HGTV has been around for nearly 30 years, but the past several have seen the network's shows really become popular, turning the hosts of series like Home Town, Windy City Rehab, and Flip or Flop into bona fide stars who can turn their TV show into even bigger business opportunities. With the extreme popularity, though, people do begin to pay closer attention to what's actually going on behind the scenes, and now it seems that HGTV could actually be tricking viewers into thinking that all of those home renovations are easier and more affordable than they really are.
If your immediate response is, "Well, no duh!" congratulations on either knowing way more about rehabbing houses than most people, or (possibly) being far less gullible than some fans who watch the programming on HGTV. But, it sounds like these series might be convincing fans that renovating a whole house is way cheaper than it usually is, because homeowners who appear on HGTV get special discounts regular folks wouldn't have access to. The network recently confirmed this with Business Insider India, and sent a statement saying:
Design work is paid for by homeowners. HGTV pays for some labor or costs to expedite production if needed, but generally, homeowners are paying for their services. And, they may have access to discounted services or goods.
If you've ever watched Property Brothers, Love It or List It, or Good Bones and wondered how the hosts and their construction / design teams have managed to rebuild crappy houses and turn them into complete dream homes, there's your answer. HGTV sometimes gives a bit of a financial boost to these shows so that the builds are done in a timely enough manner, not to mention helping homeowners get discounts for goods and services.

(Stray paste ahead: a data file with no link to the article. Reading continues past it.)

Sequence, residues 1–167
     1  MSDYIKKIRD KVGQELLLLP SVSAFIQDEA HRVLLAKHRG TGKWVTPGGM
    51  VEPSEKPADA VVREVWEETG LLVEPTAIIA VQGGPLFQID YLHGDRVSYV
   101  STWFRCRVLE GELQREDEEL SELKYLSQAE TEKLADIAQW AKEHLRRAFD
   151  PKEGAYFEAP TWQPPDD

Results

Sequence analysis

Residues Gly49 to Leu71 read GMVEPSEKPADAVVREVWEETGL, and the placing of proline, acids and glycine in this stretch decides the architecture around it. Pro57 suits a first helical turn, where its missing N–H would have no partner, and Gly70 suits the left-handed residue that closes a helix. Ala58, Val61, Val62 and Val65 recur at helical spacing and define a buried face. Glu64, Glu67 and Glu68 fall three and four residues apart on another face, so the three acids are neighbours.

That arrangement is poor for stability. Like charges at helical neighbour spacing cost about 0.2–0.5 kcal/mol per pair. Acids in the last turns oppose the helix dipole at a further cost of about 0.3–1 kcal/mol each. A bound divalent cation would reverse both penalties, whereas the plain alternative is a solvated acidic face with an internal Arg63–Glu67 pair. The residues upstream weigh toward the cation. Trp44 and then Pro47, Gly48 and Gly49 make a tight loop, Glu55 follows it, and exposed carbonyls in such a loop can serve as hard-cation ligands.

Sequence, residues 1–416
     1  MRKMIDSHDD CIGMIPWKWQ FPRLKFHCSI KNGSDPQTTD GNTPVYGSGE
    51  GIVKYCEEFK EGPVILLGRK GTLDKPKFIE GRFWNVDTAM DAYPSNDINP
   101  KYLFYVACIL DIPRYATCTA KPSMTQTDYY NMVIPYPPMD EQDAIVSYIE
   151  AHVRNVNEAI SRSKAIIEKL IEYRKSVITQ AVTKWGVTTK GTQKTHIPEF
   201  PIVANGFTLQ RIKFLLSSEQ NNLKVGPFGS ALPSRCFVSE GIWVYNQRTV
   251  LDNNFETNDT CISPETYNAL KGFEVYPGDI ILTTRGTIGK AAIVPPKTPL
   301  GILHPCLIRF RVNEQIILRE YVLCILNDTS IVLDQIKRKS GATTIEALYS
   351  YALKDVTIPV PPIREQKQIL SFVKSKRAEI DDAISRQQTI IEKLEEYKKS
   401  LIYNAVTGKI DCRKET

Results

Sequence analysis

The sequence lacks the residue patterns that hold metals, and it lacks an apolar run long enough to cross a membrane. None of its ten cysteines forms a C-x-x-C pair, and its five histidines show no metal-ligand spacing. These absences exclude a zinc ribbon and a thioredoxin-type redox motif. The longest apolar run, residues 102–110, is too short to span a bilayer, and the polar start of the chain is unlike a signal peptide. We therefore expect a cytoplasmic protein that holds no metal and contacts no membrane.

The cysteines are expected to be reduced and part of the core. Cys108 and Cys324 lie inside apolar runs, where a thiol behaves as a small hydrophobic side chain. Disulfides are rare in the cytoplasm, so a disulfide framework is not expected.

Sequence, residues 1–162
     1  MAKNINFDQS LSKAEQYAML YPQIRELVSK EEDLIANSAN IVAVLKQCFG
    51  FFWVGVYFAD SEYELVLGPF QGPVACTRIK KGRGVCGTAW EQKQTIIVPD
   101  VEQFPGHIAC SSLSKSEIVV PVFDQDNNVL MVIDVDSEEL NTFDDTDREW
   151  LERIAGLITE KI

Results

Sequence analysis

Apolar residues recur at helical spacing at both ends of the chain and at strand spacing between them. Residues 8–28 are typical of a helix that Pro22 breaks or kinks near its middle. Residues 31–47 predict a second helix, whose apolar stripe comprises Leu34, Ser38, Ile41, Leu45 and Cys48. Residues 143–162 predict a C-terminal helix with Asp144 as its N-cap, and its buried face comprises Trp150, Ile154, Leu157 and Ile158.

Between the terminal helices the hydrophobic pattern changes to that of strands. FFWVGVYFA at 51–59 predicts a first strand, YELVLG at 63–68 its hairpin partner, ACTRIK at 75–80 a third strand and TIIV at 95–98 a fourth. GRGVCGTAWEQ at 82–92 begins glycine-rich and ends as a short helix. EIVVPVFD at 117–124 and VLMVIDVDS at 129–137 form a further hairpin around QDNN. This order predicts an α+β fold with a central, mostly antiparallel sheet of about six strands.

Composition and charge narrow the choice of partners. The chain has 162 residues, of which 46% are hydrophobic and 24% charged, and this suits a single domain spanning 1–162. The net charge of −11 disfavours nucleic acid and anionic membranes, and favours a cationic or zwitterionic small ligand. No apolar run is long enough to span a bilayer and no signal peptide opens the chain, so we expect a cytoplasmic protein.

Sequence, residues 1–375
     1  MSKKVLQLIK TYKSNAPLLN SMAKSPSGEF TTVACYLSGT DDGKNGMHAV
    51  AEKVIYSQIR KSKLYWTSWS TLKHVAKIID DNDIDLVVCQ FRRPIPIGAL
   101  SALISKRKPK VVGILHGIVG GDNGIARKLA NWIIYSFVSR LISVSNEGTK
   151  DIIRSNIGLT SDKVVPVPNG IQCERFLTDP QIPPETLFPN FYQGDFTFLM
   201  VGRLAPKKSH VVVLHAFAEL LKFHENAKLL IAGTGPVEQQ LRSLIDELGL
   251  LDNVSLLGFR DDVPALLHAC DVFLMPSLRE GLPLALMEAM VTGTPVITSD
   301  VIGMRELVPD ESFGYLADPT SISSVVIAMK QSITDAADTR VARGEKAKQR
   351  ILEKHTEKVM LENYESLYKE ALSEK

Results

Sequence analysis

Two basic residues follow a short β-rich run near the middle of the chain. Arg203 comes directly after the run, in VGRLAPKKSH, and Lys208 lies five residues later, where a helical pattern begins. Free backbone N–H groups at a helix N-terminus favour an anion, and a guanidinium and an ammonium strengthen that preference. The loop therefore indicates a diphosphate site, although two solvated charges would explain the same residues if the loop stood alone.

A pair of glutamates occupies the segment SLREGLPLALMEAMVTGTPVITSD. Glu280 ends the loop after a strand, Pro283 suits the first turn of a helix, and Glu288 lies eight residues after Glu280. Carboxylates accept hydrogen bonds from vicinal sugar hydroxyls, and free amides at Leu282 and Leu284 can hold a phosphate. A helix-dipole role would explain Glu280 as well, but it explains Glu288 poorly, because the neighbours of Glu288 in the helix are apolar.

Regardless of what your favorite shows are on the channel, they are all designed to give us engaging hosts who'll be able to show off impressive homes once the hour is over. But, renovating, or building a house from scratch (as they do on 100 Day Dream Home), is typically an arduous process and can be filled with unexpected expenses. So, if the homeowners haven't put up a budget which allows for extra construction crew to work overtime so that their home is done before a bit storm hits, HGTV might step in to take care of that.
While something like that makes sense from a production standpoint, and seems rather reasonable because of it, the thought of some of those magnificent homes being filled with fancy countertops, windows, flooring, appliances and other items which are actually heavily discounted just because the owners elected to be featured on HGTV is probably the most surprising. I'd never really considered that this might be happening behind the scenes, and a lot of other fans probably hadn't, either.
As Home Again with the Fords star, Steve Ford, told The New Yorker, homeowners can certainly end up "getting more for their buck than they should" after agreeing to appear on a series like his, and this can lead the average HGTV viewer to think:
Oh, I can do this! I can make this crazy thing happen at my house that should be in a magazine. And I can do it for X dollars!
While I will say that it is a bit disappointing for the many HGTV series to not disclose these discounts or admit to what the network has paid for, hits like Fixer to Fabulous and Rehab Addict Rescue are basically reality shows, which tend to leave a lot on the cutting room floor. If they have to fudge the financial details a little in order to give us the covetable homes we want to see at the end, a lot of fans would probably say it's worth it.